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Bizarro World Hardcover


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Product Details

  • Series: Bizarro
  • Hardcover: 200 pages
  • Publisher: DC Comics (April 1, 2005)
  • Language: English
  • ISBN-10: 1401206565
  • ISBN-13: 978-1401206567
  • Product Dimensions: 10.4 x 6.8 x 0.7 inches
  • Shipping Weight: 1.3 pounds
  • Average Customer Review: 4.2 out of 5 stars  See all reviews (6 customer reviews)
  • Amazon Best Sellers Rank: #1,663,508 in Books (See Top 100 in Books)

Editorial Reviews

From Publishers Weekly

This sequel to 2001's Bizarro Comics anthology again invites underground and alternative cartoonists - and a few other unlikely types - to get nutty with the DC Universe's characters. This time, curiously, almost all the stories are written and drawn by two different people. Contributors include some very big names: Craig Thompson draws a Spectre story, and Harvey Pekar of American Splendor fame imagines himself as Bizarro. A few of the highlights are by creators who also appeared in the first volume, notably Chip Kidd and Tony Millionaire, who collaborate on another totally out-to-lunch Batman story. A couple of themes and favorite characters recur; more than one story uses the "Jingle bells/Batman smells" schoolyard song, and everyone seems to love playing with the Legion of Super-Heroes. And a few creators take the "bizarro" mandate as an excuse to imitate the look and feel of early MAD comics. The best stories imagine the superheroes' world colliding with the plebeian realities these cartoonists specialize in: Kyle Baker's dryly amusing riff on Batman's butler custom-ordering a Batmobile, Mike Doughty and Danny Hellman's deadpan tale about Aquaman playing an open-mike night and getting upstaged by Robin, and Peter Bagge and Gilbert Hernandez's "The Red Bee Returns," in which the most deservedly obscure superhero ever attempts to update his image. (Apr.)
Copyright © Reed Business Information, a division of Reed Elsevier Inc. All rights reserved.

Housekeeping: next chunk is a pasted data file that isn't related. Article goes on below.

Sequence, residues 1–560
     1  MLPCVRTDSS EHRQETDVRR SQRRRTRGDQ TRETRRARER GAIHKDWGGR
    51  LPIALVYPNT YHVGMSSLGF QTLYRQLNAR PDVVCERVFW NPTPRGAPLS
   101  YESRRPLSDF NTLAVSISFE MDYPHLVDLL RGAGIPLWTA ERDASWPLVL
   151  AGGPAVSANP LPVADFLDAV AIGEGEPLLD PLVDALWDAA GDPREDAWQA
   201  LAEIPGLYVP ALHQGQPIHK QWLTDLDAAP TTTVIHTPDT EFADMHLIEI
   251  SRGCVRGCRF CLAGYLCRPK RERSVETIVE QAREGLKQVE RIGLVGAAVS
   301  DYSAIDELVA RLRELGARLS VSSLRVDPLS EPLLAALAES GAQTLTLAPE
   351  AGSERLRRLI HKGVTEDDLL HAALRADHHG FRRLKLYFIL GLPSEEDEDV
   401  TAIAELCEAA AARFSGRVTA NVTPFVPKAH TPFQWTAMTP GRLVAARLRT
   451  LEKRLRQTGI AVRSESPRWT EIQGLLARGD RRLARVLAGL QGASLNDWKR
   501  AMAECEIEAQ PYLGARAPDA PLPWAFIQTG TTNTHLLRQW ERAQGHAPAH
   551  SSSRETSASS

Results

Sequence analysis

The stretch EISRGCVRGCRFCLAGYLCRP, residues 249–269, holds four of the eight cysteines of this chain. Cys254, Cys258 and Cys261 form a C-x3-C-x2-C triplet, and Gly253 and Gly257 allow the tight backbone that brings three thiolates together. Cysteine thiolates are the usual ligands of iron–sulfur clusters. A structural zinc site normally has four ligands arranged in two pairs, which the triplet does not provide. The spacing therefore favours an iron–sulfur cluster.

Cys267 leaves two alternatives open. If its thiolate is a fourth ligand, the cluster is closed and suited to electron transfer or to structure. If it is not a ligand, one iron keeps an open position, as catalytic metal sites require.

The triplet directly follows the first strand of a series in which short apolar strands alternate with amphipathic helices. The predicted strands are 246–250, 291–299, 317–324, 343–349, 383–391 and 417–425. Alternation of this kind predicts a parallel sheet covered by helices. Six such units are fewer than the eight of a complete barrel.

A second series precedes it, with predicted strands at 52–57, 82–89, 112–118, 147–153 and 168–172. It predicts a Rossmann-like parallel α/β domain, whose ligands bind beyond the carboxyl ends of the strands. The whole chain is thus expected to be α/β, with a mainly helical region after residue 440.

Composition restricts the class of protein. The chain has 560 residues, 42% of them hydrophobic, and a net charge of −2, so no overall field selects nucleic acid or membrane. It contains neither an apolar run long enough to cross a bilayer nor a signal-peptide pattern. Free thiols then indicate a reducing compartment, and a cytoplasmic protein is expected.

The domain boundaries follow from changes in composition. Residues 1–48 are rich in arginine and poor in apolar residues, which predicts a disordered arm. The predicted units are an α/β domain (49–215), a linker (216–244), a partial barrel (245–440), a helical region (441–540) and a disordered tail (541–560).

From School Library Journal

Grade 10 Up-In this follow-up to 2001's Bizarro Comics, DC Comics once again lets the inmates take over the asylum. Working in teams, alternative comic artists and assorted smart alecks interpret an assortment of superheroes, from the beloved to the misbegotten. Bizarro is an idiotic, chalky doppelgänger of Superman; Bizarro World is home to him and many other Bizarros. However, the book is not explicitly about the protagonist; it's more about the Bizarro concept, a funhouse mirror held up to superheroes. The sheer number of artists and writers is astounding: Harvey Pekar seems to have written his own messy life into the story of a sad-sack Bizarro Superman; James Kochalka interprets the lame ducks of the Legion of Superheroes in his trademark kewpie-doll style, and Mo Willems examines the potential for gossip in "The Wonder of It All." However, the variety of styles makes the book uneven; the limited space is a challenge, causing some stories to seem half told, while others are reduced to one-liners; and the table of contents supplies page numbers but the work is unpaged. Many teen readers will never have seen the more obscure characters before, which will unfortunately dull some of the satire, but mainstream and underground comics fans alike (as well as those of MAD magazine) are sure to find something to laugh at in this collection.-Douglas P. Davey, Halton Hills Public Libraries, Ontario, Canada
Copyright © Reed Business Information, a division of Reed Elsevier Inc. All rights reserved.

Customer Reviews

4.2 out of 5 stars
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Most Helpful Customer Reviews

3 of 3 people found the following review helpful By Johnny Heering on March 16, 2005
Format: Hardcover